You can download the script here…
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Some weeks ago I updated the first productive Service Manager 2012 environment to R2. The Environment consists of 4 servers and I proceeded step-by-step in the correct order. Now I noticed that there are no new data written into the Data Warehouse. All reports and Dashboards show only the data until the R2 Upgrade. After some research I found a Microsoft Technet article which describes exactly that behaviour. So if you notice after a SCSM R2 upgrade that there is no new data in the DW you might have a look into this artice:
The solution which is described (run a sql-script against some DB’s) worked perfectly at our environment. I hope if can help you as well and this post saves you some hours of researches…
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At one customer we had the scenario of a single SCOM 2012 server where as well SCOM Management Server as also the SQL database was located. Because of performance issues we had to split this scenario in at least two systems – so firstly we wanted to separate the SQL database. Because of the fact that the downtime should be as short as possible we decided to migrate the databases online while SCOM was still working on the old server. Therefore we did the following tasks:
– Install the second server (OS, SQL, further needed tools)
– Do a full backup of the OperationsManager and the OperationsManagerDW database while SCOM can stay online
– Do a transaction log backup of the OperationsManager and the OperationsManagerDW database
- Configure Mirroring / LogShipping between old and new SQL instance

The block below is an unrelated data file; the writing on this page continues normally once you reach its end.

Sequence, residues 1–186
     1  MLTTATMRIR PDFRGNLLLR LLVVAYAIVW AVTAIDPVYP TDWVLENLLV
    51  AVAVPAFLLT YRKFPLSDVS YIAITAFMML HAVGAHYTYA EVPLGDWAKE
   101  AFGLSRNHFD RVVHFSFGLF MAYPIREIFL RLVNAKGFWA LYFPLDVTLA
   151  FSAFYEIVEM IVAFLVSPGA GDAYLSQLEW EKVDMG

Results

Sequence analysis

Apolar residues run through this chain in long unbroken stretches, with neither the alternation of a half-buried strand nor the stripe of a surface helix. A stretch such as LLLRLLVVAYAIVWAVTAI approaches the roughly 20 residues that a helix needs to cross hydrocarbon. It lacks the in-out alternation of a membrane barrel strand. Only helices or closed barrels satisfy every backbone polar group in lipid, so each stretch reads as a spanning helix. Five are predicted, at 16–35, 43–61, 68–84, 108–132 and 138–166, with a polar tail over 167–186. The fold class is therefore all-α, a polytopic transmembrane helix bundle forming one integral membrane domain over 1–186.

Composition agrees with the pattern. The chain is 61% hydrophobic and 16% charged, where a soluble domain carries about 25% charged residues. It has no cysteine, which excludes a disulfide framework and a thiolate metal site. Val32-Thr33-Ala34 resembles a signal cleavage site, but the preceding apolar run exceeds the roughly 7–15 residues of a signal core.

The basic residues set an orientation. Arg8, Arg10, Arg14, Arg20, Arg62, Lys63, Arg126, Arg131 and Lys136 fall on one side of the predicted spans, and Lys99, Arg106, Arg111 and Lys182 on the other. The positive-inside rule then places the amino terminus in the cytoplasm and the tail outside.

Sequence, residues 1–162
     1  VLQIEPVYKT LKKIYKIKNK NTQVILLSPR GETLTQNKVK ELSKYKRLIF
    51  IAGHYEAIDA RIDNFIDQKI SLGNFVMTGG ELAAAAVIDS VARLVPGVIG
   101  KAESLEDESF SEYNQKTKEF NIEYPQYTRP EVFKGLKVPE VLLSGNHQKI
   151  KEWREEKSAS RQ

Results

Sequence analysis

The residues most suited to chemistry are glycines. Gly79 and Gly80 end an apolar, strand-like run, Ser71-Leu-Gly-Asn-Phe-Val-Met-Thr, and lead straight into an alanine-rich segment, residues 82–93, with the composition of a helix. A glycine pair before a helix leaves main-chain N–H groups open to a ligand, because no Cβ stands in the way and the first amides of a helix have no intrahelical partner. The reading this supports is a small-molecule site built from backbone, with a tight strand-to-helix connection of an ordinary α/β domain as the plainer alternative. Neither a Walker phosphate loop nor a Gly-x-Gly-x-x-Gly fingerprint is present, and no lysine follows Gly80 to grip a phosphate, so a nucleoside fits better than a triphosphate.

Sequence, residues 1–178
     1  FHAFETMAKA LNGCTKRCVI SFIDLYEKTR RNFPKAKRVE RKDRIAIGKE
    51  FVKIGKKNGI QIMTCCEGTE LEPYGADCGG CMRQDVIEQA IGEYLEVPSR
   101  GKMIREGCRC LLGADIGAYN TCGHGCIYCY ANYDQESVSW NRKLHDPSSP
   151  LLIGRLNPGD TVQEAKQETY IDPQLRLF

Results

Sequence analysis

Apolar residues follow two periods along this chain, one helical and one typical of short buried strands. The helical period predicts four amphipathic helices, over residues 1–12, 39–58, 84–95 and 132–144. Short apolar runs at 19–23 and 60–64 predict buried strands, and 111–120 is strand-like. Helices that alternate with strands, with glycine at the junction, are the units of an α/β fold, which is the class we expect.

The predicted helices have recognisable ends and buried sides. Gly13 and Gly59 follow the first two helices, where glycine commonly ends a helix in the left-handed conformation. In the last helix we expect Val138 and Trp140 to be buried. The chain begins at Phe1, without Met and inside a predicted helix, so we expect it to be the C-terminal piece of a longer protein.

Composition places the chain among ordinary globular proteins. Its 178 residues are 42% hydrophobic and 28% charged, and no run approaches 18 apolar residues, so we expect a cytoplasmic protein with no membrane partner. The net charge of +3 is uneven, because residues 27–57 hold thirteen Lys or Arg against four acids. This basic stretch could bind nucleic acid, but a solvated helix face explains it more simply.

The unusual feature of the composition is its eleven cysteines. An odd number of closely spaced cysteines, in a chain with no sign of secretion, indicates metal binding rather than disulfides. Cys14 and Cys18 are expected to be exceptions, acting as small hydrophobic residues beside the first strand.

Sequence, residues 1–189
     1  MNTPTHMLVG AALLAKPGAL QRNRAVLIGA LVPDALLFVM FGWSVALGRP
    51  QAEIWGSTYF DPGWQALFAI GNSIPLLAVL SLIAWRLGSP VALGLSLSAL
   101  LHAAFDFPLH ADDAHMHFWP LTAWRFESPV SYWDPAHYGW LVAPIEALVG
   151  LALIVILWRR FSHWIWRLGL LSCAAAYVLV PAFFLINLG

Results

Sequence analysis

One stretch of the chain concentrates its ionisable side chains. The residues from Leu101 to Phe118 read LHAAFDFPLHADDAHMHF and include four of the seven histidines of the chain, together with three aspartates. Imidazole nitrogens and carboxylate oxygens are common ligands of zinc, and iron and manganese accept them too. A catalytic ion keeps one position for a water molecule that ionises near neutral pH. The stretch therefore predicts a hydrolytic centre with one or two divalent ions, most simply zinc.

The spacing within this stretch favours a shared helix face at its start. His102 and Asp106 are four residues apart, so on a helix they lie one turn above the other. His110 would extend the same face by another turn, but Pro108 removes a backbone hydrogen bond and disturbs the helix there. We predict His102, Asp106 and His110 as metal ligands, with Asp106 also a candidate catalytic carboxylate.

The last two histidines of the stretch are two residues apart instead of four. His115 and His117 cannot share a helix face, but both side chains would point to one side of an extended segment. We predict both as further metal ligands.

– Restore the full backup of OperationsManager and OperationsManagerDW database on the new SQL server (with “Restore with norecovery” option)
– Restore the transaction log backup to the new SQL server (also with “Restore with norecovery” option)
– Now you can either activate LogShipping (e.g. if you use different SQL versions) or Mirroring between the old and the new SQL server for both databases
From that point in time the data will be synchronized between the two SQL engines. That means that you already have all the needed data on the new server while SCOM is still using the old SQL instance. After those steps you can switch SCOM to the new SQL instance while a short downtime by doing the following steps:
Switch SCOM Management Server to the new SQL instance:
- First you have to stop all the necessary SCOM services on the Management server (System Center Data Access, System Center Management, and System Center Management Configuration)
- After that make sure that all ne changes from the old SQL databases are transferred to the new ones (check Mirroring state / LogShipping)
- Now you can start with the configuration of the Management Server to the new SQL instance. The steps are well described in the MS TechNet. Just start with step 6 of the HowTo’s:
– OperationsManager DB: http://technet.microsoft.com/en-us/library/hh278848.aspx
– OperationsManagerDW DB: http://technet.microsoft.com/en-us/library/hh268492.aspx
By following these steps you can prepare your SCOM environment very well so you can decrease the downtime for the “real switch” to some minutes instead of some hours or even days…
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In the last weeks I heard a lot about PDK (PowerShell Deployment Toolkit) but never had the time for testing it out. Today I finally had a deeper look at it and I am really surprised how easy you can automate deployment tasks of e.g. System Center.
The PowerShell Deployment Toolkit consists of a few scripts which were developed by Rob Willis (MSFT) to automate the deployment of a System Center environment. The current version is available in the Technet Gallery and there are a lot of updates within the last months. With the PTK you can deploy automatically a complete System Center environment with all its components, the SQL instances and also the integration between the products. If you download the Toolkit you will get a set of five files:
- Workflow.xml: This is the “brain” of the whole PDT where all the tasks are processed. You do NOT need to edit this file!!